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Junilu Lacar wrote:Why do you say so, Liu? I think it's a very interesting and challenging puzzle, actually. Especially part 2.


It is challenging, but at the same time I found it very mechanical and the solution itself required more of a human input with IFs, as opposed to some more elegant approach to the problem.
To most extent issue might be because the solution I came up with. Stephan it seems landed to a nicer approach..

Anyway, I'll be interested to see your solution.

Moving fast forward, Day 8 I found equally uninteresting to me as a Day 10, while Day 9 and Day 11 were brilliant, found few areas to improve and at the end was quite happy with the result, code's expressiveness and conciseness.

But part of the fun I guess, you deal with whatever you get, and try to get best out of it.

 
Junilu Lacar
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Piet Souris wrote:yes, Kotlin has some powerful shortcuts compared to Java, when reading your website I get the same feeling I had when doing Scala and Python. But you show a Java snippet using the longest form possible. For instance, you have this example:
...
but you can also write
...


You are absolutely right, Piet. I think I let my growing bias show. I will update the article (with an attribution to you, of course). Thanks for the call out.
 
Junilu Lacar
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Liutauras Vilda wrote:
Anyway, I'll be interested to see your solution.


Still working on it right now. I'm having to juggle it with multiple things at work. I have an early morning presentation I need to give on Wednesday about user story points, I'm calling it "What's the story with story points?" in which I go over their history and discuss the challenges in using them. I still don't have my slide deck compiled at this point. I can't help messing with these problems though and coming up with the decoding for Part 2 is still in the works as of this writing.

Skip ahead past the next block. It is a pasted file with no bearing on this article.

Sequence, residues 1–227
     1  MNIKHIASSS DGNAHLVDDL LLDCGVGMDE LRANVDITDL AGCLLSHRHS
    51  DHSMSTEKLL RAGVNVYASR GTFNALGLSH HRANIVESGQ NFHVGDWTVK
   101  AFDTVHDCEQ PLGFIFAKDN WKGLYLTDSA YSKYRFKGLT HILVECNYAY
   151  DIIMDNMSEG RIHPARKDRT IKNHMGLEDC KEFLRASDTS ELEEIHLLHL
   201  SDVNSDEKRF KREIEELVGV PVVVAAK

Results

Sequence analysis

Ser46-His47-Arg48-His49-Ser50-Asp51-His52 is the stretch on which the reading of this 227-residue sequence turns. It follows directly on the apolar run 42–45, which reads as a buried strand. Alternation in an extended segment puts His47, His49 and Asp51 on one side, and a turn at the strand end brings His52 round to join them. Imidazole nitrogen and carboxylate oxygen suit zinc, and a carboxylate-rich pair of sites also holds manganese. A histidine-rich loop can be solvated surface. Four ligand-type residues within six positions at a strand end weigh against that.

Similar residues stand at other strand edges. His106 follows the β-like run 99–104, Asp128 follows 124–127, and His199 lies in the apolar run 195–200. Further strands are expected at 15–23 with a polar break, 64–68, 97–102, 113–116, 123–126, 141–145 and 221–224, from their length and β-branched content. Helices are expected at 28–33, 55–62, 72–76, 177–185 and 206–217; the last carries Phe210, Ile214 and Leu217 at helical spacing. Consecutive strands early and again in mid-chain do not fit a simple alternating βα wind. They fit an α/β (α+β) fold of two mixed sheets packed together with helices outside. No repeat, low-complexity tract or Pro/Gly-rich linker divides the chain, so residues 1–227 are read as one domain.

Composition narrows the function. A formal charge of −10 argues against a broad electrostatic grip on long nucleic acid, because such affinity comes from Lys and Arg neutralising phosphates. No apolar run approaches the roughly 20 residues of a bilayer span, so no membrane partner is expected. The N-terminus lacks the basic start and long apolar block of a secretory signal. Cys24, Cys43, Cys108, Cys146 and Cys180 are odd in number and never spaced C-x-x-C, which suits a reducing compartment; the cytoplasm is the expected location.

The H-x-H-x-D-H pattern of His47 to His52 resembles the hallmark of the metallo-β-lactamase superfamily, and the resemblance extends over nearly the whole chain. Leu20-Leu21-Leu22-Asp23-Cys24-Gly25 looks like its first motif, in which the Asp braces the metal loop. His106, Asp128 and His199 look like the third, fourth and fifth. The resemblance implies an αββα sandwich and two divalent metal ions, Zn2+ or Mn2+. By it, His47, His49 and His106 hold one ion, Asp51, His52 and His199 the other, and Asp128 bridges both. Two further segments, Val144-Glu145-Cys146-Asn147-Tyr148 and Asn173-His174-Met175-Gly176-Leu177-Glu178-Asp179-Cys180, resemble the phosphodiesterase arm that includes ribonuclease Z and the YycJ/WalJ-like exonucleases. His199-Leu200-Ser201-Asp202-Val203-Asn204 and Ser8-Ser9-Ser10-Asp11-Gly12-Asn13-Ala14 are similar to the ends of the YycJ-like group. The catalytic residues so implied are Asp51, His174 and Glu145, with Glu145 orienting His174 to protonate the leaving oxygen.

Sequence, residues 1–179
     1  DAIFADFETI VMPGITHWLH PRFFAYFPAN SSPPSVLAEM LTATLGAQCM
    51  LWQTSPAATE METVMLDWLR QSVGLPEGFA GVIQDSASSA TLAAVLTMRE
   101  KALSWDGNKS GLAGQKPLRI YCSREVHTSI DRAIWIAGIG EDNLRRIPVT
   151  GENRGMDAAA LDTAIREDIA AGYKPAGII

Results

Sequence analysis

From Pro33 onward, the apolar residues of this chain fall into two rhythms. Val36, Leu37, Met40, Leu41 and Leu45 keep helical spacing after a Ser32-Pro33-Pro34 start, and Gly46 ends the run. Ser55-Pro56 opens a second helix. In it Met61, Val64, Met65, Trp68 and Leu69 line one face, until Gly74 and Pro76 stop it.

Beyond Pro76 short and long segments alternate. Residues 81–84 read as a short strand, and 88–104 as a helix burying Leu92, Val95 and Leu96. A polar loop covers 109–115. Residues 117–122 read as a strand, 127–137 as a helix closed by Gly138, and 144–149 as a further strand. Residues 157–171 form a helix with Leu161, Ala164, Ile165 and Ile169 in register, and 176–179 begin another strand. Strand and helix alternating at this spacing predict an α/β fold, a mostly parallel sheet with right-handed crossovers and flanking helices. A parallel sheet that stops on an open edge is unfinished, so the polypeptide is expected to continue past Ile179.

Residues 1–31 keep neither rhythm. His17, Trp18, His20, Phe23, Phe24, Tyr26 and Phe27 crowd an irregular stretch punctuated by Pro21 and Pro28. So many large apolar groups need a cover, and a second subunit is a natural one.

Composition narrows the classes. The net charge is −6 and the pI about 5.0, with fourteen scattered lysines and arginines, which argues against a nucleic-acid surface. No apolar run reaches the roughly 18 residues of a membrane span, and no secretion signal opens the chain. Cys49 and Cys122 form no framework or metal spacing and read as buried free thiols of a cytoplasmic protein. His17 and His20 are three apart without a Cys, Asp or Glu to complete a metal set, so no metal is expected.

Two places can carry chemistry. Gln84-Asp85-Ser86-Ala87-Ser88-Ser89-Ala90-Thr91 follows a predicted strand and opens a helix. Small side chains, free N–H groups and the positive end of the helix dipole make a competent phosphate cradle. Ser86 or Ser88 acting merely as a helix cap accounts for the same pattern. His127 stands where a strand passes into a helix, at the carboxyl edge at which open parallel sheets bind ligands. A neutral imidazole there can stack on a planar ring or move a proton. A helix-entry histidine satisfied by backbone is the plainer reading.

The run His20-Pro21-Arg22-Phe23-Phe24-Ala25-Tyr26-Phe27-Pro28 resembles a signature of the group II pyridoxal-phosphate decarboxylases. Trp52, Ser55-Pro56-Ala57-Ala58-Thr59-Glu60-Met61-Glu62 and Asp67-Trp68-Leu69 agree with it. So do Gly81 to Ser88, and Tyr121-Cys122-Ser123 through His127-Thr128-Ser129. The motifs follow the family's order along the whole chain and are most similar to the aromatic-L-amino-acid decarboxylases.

Moving fast forward, Day 8 I found equally uninteresting to me as a Day 10, while Day 9 and Day 11 were brilliant, found few areas to improve and at the end was quite happy with the result, code's expressiveness and conciseness.

But part of the fun I guess, you deal with whatever you get, and try to get best out of it.


Yup, the fun is wherever there's learning. Have fun!
 
Junilu Lacar
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Piet Souris wrote:
2) You are this sites Master of Refactoring and Master of Code that reads like a train.
With respect to this, what is your opinion on, for instance:


It's kind of diyahe* for me to be called "Master" of anything but thank you for your kind words. IMO, it's a cute example of a quick-and-dirty thing. If I were to refactor it for clarity in the context of a larger program, I'd probably do something like this:



* diyahe a Filipino term that has many uses in expressing embarrassment, the exact meaning of which is very contextual. In this context, it's an awkward embarrassment when a friend praises you in a way you don't really think is deserved, most appropriately answered by "Pshaw, you're really too kind, but thank you."
 
Junilu Lacar
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I wrote:I will update the article (with an attribution to you, of course). Thanks for the call out.


Done. Thanks again for the call out.

I trust that you tested that code, right? Because I only copy-pasted what you provided.  

BTW, just search for your name in the article to see where I put the note.
 
Junilu Lacar
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I just got my 2nd gold star for Day 8. It's ugly right now but here's the heart of the Get Er Done solution in Kotlin:

Took me three dang hours to figure out the set math on how to deduce which code mapped to each digit. Sheesh. It's certainly not a one-liner but I'm pooped and I have to start work in a few hours so will refactor later.
 
Junilu Lacar
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Ok, couldn't resist just making the code a little more symmetric:

This will help me see some patterns in the code and start generalizing it down to fewer lines.

Seriously, I need to get to bed. Bye for now.
 
Junilu Lacar